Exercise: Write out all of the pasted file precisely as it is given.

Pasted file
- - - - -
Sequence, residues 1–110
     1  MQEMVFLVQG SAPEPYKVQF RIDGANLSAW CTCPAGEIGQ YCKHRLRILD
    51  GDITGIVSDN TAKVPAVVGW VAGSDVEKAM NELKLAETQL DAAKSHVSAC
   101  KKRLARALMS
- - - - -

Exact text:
Sequence, residues 1–110
     1  MQEMVFLVQG SAPEPYKVQF RIDGANLSAW CTCPAGEIGQ YCKHRLRILD
    51  GDITGIVSDN TAKVPAVVGW VAGSDVEKAM NELKLAETQL DAAKSHVSAC
   101  KKRLARALMS